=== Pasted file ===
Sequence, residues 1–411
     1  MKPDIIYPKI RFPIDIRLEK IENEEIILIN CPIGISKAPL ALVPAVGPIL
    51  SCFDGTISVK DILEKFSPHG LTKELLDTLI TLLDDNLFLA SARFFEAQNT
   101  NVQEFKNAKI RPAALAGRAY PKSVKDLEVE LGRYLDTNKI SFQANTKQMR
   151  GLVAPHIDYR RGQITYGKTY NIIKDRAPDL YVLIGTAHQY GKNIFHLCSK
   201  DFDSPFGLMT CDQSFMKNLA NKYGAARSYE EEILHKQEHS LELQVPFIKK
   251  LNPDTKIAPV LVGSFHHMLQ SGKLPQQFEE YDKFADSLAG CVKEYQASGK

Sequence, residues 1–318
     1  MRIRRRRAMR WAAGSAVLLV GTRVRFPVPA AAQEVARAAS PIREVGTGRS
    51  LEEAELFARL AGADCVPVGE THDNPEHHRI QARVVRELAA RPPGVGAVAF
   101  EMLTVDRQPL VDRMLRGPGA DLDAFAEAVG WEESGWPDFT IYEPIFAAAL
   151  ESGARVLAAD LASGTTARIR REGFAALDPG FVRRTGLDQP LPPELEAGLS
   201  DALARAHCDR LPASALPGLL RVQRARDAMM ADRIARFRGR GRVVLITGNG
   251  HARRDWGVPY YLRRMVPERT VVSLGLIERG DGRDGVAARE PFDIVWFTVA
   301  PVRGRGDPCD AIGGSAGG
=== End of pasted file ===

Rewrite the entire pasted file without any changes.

Sequence, residues 1–411
     1  MKPDIIYPKI RFPIDIRLEK IENEEIILIN CPIGISKAPL ALVPAVGPIL
    51  SCFDGTISVK DILEKFSPHG LTKELLDTLI TLLDDNLFLA SARFFEAQNT
   101  NVQEFKNAKI RPAALAGRAY PKSVKDLEVE LGRYLDTNKI SFQANTKQMR
   151  GLVAPHIDYR RGQITYGKTY NIIKDRAPDL YVLIGTAHQY GKNIFHLCSK
   201  DFDSPFGLMT CDQSFMKNLA NKYGAARSYE EEILHKQEHS LELQVPFIKK
   251  LNPDTKIAPV LVGSFHHMLQ SGKLPQQFEE YDKFADSLAG CVKEYQASGK

Sequence, residues 1–318
     1  MRIRRRRAMR WAAGSAVLLV GTRVRFPVPA AAQEVARAAS PIREVGTGRS
    51  LEEAELFARL AGADCVPVGE THDNPEHHRI QARVVRELAA RPPGVGAVAF
   101  EMLTVDRQPL VDRMLRGPGA DLDAFAEAVG WEESGWPDFT IYEPIFAAAL
   151  ESGARVLAAD LASGTTARIR REGFAALDPG FVRRTGLDQP LPPELEAGLS
   201  DALARAHCDR LPASALPGLL RVQRARDAMM ADRIARFRGR GRVVLITGNG
   251  HARRDWGVPY YLRRMVPERT VVSLGLIERG DGRDGVAARE PFDIVWFTVA
   301  PVRGRGDPCD AIGGSAGG